MEMORIES OF RHODESIA
MemorIES &  HISTORY SECTION
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As tourists speed along the modern motor -highways of Rhodesia, they may forget that it was the development of the railway system which, in the early days, laid the solid foundation of the Country's growth and opened up the principal tourist attractions to the public.


The chief example of this development was the Bulawayo/Victoria Falls main line, together with the building of the much-photographed rail-and-road bridge across the chasm immediately below the Falls, in 1905. Indeed, the famous Victoria Falls Hotel itself was built and is still owned by Rhodesia Railways and today is one of the Country's best hotels.

RHODESIA RAILWAYS - ENGINES OF HISTORY

The latest in this new family of diesel-electric units are 10 recently received from Pennsylvania, U.S.A. They bring the total number of such units in service with Rhodesia Railways to 79.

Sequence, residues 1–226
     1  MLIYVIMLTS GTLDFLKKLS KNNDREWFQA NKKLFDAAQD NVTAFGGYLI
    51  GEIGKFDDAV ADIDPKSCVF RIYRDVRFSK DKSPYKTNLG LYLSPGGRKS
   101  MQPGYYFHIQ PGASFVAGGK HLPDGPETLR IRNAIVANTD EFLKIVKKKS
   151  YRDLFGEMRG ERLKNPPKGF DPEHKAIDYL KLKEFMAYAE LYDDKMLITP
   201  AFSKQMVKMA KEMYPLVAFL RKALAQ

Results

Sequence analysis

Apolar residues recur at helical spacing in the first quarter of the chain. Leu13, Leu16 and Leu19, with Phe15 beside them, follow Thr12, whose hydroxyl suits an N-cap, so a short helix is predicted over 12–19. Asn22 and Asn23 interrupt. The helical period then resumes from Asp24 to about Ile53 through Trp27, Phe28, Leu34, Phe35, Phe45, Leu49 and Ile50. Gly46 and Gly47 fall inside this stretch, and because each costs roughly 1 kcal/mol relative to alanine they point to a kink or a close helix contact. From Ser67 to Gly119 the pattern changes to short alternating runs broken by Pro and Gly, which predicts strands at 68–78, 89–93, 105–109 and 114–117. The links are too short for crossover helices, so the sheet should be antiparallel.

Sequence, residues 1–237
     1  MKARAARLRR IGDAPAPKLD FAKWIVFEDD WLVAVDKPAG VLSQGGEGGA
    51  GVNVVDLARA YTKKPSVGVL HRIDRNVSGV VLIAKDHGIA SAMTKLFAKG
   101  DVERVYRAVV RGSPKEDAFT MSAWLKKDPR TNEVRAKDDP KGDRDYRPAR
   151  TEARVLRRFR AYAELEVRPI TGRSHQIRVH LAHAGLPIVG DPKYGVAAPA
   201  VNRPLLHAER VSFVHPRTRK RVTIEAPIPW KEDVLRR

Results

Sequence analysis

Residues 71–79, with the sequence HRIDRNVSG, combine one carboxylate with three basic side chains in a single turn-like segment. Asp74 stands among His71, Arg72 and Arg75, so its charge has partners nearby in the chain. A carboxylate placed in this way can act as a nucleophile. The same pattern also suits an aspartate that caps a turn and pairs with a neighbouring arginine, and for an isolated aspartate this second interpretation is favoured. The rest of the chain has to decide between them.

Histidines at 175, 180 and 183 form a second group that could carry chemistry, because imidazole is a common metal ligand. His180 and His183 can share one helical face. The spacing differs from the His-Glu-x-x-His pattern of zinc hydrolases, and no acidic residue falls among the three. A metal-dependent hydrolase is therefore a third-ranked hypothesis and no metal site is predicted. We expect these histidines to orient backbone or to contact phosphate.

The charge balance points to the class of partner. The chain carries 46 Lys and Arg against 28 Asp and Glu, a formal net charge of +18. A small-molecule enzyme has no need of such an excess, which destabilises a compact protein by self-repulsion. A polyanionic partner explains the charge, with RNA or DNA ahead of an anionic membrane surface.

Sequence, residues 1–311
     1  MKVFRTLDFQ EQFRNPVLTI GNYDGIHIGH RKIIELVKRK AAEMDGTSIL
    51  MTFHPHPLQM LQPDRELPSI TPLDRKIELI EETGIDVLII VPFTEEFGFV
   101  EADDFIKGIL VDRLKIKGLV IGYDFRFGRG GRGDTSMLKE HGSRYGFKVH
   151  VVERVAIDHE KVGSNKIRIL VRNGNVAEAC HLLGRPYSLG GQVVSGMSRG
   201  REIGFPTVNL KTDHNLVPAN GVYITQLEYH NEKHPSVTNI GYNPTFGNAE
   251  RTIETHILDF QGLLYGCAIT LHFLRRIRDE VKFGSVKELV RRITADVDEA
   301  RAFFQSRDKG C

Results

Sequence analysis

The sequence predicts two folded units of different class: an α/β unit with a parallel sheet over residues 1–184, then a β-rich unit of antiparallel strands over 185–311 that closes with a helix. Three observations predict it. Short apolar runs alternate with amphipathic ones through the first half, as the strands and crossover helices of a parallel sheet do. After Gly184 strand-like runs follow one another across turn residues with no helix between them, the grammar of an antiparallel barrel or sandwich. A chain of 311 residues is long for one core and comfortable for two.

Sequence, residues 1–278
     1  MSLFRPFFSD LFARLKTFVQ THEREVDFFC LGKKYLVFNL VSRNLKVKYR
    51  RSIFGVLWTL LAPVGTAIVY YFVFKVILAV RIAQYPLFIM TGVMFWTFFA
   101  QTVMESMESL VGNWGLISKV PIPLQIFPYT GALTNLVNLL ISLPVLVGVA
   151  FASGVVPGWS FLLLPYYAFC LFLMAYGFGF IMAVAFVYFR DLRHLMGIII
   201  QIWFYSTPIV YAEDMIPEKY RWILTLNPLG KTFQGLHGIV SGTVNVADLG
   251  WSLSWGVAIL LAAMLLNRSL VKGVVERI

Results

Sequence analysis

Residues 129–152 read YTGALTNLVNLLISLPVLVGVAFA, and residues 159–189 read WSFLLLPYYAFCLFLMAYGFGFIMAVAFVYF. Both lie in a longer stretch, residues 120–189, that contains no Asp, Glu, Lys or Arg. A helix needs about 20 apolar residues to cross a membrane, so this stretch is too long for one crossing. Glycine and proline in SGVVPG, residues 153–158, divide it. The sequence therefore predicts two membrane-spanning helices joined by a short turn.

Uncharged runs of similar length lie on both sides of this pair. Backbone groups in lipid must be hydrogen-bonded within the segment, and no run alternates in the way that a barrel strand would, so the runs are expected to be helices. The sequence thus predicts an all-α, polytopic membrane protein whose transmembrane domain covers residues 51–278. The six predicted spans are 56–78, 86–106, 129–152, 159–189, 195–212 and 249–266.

Radio equipped, they are at present based in Salisbury and will probably be used (or the "dieselisation" of the Gwelo - Bulawayo section of the main line south from Salisbury - a development which will mean that the entire main line from Umtali to Bulawayo (472 miles) will be operated with diesel locomotives.


The new units develop more than 2,000 h.p. They weigh more than 98 tons each, are 52 ft. long, and can carry 1,000 gal. of fuel each..


They are indeed a far cry from the fussy little 2-ft.-gauge engines which laid the foundation of the railway system more than 70 years ago.

Spurred by the competition of road and air, Rhodesia Railways has now returned to one of in original roles, that of being a principal carrier for me tourist industry. It offers "package tour" in variety, including special excursions to the Falls and the Wankie Game Reserve; and the fine, new express service by diesel-electric railcar between Salisbury and Umtali, centre of the lovely Eastern Districts, is a boon to visitors without motor-cars and to those who prefer a comfortable and fast journey without the strain of driving.

In many ways, therefore, the Story of the railways is the story of Rhodesia and Rhodesian tourism.